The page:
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Sunday, October 17, 2010

Mama Bagger

When we were in the 6th Grade, a conversation started in the classroom one day about the U.S. moon landings, the first of which, the famous "one small step for man"-one, had taken place only three years earlier. All of a sudden, a girl in our class announced that it hadn't really happened. Everyone, including the teacher, turned to her and said, "What?" She went on to explain that we hadn't really landed on the moon, that it was all a hoax. Everyone laughed, but then some attempted to explain to her how we had all watched it on t.v. and how everyone in the country knew about it, but no matter what we said, we couldn't sway her opinion that it just hadn't happened. That was an early lesson in life that no matter what the facts or truth might be about something, there will always be people who just don't believe them. What we've learned since the 6th Grade is that the reason why some people refuse to believe in a particular thing is because they don't want to believe in that particular thing.
(dana loesch on friday's "real time with bill maher")
This phenomenon was on full display this past Friday night on "Real Time With Bill Maher". One of Bill's guests was St. Louis radio host and Tea Party organizer, Dana Loesch. And if you've ever wondered what the Tea Party is really all about, all you have to do is watch this episode, and it suddenly makes a lot of sense. We're not going to attempt to provide the word-for-word transcipt of the show here, but to summarize: Loesch came across as a reasonable, relatively sane person, so we were actually excited that we might have an honest, intellectual discussion of differing political opinions, with the Tea Party side being defended by someone other than a nutjob. But then the wheels came off. No matter what the topic, whether it was TARP, the bail-out of the auto industry, the deficit, etc., the reaction from Loesch was always the same. As Maher, and others on the show who make a living studying the facts of these issues, explained to Loesch what actually has happened, such as the fact that the federal government has been paid back most of what it lent to the Big Banks, with interest, Loesch just kept saying, to paraphrase, "That's not what I've heard," or "There's evidence out there that that's not the case." Of course, Loesch had no facts to back those statements up, she just kept repeating the mantra of "I don't believe that." Wow. We flashed back to that girl in the 6th Grade who could not and would not believe that America had landed on the moon.

As MSNBC's Laurence O'Donnell like to say, "You're entitled to your opinion, but you're not entitled to make things up." In other words, is the U.S. government perfect? No way. Are both Democrats and Republicans corrupt? Most definitely. But with most issues, there are hard facts, and it doesn't take a lot of effort to look them up. So why do most of the Tea Party folk seem to be so ignorant of the basic facts of most political issues? The only reasonable explanation is that, like our 6th Grade classmate and like Dana Loesch, they don't want to know the facts. But why would people who seem to care so much about their country choose to remain ignorant? The answer to that question is hidden in complex discussions of psychology and the human mind which we have no interest in discussing here, but to simplify, we suspect that facts scare the Tea Partiers because facts get in the way of their "beliefs" and the myths which drive those beliefs.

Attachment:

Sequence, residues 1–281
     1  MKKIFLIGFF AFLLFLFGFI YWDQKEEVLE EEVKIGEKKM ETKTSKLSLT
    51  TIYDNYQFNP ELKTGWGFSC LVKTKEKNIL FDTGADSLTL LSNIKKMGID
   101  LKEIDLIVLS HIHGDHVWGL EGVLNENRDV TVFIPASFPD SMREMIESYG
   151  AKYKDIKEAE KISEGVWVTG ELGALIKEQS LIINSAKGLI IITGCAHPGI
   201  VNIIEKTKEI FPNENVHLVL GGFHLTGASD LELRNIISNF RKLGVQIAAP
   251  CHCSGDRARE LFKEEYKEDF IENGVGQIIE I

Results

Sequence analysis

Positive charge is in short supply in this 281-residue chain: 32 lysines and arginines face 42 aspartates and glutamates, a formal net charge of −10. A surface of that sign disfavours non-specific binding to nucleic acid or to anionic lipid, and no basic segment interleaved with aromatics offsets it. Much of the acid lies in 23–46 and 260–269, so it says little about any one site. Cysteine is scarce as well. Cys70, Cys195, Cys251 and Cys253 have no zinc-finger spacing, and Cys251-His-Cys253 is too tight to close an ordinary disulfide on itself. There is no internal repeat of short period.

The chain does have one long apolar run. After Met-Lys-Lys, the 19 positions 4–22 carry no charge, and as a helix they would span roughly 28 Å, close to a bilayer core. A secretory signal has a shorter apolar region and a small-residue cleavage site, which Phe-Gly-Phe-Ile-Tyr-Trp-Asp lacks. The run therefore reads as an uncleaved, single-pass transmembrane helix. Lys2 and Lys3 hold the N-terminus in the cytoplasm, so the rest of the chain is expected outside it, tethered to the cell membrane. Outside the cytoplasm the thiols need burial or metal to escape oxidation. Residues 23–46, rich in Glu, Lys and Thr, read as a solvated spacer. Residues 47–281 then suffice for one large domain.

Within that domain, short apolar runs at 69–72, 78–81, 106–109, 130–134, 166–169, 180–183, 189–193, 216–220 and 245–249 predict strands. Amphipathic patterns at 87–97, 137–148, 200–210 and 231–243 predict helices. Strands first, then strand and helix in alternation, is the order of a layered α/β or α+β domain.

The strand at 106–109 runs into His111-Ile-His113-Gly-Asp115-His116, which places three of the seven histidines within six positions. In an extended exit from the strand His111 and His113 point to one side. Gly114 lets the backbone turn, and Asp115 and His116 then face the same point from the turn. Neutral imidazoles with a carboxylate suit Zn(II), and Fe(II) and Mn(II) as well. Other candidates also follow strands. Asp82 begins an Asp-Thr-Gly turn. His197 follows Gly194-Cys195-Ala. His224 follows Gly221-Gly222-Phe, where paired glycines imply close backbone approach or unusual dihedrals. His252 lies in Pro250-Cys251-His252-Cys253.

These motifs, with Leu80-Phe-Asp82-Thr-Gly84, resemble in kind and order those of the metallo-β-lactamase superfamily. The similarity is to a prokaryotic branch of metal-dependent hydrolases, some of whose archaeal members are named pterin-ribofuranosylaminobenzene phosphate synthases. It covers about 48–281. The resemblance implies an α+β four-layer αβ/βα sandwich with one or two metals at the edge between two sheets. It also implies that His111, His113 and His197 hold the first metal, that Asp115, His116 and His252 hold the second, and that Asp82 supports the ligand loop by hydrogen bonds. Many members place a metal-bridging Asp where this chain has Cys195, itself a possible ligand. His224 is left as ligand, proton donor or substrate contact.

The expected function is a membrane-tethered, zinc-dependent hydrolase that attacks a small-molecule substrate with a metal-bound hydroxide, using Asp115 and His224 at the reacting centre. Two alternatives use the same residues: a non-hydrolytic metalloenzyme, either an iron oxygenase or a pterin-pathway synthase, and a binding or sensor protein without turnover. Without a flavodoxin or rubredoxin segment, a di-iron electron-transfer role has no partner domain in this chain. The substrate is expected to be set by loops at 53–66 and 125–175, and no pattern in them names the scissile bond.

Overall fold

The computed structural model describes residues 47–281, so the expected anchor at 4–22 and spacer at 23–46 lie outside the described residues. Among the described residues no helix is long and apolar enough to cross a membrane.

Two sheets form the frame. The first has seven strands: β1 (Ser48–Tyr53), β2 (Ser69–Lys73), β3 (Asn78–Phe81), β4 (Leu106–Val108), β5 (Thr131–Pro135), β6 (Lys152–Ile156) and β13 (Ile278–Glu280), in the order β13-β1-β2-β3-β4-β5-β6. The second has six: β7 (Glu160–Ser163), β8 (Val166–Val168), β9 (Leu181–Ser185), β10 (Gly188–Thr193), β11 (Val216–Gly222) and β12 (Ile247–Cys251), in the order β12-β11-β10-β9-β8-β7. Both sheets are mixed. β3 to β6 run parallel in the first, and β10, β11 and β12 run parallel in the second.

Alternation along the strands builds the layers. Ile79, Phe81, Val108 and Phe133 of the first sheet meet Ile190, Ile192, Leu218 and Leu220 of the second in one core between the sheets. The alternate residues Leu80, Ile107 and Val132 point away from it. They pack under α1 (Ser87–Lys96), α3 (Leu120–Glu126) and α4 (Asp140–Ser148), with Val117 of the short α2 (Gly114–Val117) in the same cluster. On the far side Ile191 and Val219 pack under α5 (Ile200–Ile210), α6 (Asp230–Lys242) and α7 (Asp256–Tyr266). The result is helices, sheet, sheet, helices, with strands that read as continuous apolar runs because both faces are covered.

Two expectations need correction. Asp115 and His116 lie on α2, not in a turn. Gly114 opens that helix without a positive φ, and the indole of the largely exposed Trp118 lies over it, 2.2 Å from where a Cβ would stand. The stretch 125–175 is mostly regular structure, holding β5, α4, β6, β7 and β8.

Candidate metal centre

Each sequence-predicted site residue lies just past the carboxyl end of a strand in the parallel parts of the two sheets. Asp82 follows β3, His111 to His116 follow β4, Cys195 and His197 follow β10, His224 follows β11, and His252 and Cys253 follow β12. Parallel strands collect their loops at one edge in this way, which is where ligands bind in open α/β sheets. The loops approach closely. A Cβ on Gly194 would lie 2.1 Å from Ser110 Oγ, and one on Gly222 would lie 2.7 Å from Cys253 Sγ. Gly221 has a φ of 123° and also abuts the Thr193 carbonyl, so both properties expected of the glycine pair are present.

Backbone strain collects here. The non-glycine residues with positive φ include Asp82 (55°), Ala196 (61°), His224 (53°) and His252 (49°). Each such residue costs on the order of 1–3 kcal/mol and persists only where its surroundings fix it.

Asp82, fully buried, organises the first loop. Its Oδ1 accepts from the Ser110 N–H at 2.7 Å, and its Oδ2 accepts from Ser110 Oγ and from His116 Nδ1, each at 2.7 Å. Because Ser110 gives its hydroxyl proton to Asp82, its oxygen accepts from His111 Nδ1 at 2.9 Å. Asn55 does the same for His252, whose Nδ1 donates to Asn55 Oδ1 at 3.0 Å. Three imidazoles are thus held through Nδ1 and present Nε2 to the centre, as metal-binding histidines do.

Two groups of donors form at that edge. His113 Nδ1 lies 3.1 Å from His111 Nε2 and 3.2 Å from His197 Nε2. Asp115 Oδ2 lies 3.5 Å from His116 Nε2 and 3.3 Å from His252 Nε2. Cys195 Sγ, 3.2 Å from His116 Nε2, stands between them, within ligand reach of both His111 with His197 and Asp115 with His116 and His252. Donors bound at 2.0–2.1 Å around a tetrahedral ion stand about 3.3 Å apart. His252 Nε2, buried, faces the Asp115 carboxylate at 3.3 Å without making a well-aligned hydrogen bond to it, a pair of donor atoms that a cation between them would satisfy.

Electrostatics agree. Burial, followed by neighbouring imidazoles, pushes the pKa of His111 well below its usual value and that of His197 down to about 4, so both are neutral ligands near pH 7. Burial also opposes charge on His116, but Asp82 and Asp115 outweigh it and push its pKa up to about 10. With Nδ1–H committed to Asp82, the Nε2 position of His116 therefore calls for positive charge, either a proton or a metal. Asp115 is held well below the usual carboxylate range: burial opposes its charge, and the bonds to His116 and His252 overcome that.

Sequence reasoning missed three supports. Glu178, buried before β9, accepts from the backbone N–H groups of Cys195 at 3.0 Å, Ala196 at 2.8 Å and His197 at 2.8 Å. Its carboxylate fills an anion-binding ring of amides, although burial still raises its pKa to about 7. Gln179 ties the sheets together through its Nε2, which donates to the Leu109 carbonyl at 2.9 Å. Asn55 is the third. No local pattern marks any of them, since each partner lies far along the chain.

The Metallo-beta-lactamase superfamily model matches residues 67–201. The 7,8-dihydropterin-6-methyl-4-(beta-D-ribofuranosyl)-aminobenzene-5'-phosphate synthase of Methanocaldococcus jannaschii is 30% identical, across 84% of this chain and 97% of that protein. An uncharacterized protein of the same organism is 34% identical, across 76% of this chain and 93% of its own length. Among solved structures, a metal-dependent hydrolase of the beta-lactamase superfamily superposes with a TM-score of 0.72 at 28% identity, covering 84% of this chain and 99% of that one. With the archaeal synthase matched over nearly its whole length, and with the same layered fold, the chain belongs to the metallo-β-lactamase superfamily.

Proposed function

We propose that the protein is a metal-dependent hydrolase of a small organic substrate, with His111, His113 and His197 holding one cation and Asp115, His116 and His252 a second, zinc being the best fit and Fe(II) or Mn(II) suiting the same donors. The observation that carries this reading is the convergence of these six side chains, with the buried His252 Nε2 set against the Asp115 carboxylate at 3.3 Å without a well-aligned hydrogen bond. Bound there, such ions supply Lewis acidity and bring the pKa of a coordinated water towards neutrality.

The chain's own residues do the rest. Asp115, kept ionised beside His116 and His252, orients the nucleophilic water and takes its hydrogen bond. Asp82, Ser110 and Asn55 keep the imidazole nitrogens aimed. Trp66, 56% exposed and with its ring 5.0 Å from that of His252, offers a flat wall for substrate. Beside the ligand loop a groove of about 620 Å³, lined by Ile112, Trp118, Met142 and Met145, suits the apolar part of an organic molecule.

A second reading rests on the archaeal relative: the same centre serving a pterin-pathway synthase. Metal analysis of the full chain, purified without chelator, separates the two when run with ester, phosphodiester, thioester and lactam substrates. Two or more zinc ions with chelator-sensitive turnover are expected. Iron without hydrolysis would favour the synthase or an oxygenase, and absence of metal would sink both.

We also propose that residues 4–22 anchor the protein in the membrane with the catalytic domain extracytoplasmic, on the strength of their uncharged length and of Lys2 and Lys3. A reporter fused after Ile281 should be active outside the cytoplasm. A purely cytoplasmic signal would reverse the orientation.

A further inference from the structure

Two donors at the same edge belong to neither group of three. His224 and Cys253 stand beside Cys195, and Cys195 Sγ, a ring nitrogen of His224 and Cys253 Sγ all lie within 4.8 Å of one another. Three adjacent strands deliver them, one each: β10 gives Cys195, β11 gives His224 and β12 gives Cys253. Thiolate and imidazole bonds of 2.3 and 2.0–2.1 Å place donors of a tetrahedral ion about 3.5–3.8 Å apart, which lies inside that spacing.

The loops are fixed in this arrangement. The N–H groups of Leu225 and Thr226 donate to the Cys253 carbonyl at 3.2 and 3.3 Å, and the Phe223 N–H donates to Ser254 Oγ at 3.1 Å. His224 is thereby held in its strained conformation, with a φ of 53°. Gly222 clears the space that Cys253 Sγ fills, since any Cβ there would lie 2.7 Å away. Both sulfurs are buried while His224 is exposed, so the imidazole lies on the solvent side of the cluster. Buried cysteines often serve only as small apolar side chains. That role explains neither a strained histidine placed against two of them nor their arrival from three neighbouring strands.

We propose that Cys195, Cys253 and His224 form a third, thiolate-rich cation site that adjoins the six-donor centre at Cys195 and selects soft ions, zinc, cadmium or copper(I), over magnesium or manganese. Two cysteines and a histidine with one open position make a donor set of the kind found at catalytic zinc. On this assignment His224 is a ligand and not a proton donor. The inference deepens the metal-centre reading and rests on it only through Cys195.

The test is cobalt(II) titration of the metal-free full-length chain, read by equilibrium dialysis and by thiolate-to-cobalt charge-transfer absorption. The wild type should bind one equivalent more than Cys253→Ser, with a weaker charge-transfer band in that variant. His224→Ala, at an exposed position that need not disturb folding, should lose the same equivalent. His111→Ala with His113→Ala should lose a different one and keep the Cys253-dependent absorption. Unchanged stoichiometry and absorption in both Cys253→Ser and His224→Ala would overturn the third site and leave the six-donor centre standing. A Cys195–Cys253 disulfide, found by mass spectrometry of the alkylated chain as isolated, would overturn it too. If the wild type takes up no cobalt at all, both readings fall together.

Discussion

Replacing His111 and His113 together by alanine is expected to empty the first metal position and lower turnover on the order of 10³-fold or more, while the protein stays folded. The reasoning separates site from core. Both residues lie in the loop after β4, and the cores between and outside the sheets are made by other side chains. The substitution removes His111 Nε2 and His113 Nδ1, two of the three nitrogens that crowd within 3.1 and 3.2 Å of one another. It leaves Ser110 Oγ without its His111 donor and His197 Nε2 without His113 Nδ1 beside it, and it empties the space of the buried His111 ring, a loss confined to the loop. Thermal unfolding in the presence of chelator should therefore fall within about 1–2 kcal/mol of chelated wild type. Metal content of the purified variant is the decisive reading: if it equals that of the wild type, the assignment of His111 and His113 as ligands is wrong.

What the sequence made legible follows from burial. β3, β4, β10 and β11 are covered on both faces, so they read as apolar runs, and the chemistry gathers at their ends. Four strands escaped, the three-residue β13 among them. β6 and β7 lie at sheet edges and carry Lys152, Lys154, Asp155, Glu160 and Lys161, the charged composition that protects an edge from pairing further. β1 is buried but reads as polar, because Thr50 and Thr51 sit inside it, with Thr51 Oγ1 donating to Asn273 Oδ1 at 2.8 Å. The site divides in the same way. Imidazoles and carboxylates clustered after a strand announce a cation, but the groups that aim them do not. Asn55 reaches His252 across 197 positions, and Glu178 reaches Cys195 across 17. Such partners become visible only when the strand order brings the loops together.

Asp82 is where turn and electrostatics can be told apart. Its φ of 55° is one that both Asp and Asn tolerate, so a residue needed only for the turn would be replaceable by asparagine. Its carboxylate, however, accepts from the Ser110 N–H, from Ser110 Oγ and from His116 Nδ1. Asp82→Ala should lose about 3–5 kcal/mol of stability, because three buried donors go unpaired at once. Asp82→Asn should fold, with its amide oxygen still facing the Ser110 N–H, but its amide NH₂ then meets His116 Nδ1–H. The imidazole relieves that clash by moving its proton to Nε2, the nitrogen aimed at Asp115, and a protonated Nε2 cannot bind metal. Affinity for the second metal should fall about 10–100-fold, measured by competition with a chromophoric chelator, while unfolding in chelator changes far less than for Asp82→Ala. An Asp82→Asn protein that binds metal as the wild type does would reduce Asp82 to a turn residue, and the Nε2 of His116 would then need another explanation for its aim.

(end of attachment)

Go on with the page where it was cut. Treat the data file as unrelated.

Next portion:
Sarah Palin is the perfect embodiment of that phenomenon. She just spoke in California this weekend where she rattled off a list of Pres. Reagan's accomplishments, the only problem being that most of what she listed as having been achieved by Reagan, Reagan didn't achieve. America has always thrived on myth, and it's been those myths that not only make every poor person in the world want to come here, but it's those same myths that have buoyed us when we've faced crisis. Myths can be incredibly powerful things, and when repeated enough times, many people start to accept them as truth. And when you try to convince those people that they're being swayed by false myths, they often react with anger and defensiveness. To have destroyed what one has believed for one's entire life is a shattering experience. And this, we believe, is at the heart of the Tea Party mindset. Tea Partiers are the people that have always believed that America is a blessed-by-God, righteous country that has never done wrong and where you pull yourself up by your bootstraps, and that the people who interfere with that belief, i.e. Democrats who criticize America, non-white minorities, lazy people who want to live on welfare, etc., are traitors and are evil. The facts don't matter to these people, only the continued belief in the American myth. They don't want to understand that America has always had elements of socialism in its government and society, all they seem to need to know is that "socialism is evil". So, just as we learned in the 6th Grade, to try to convince someone to give up their beliefs, no matter how misguided, is a waste of your own breath. All you can do with the current Tea Party is to hope that some of them accidentally pick up an American history book, or a textbook on civics, and they accidentally read it before someone in their community attempts to ban it. Short of that, you just have to sit back and do what we suggested a couple of days ago, enjoy the three-ring circus that will ensue when some of these people actually arrive in Congress. And hope and pray that they're not able to do too much actual damage in the short time they'll be in that Congress.

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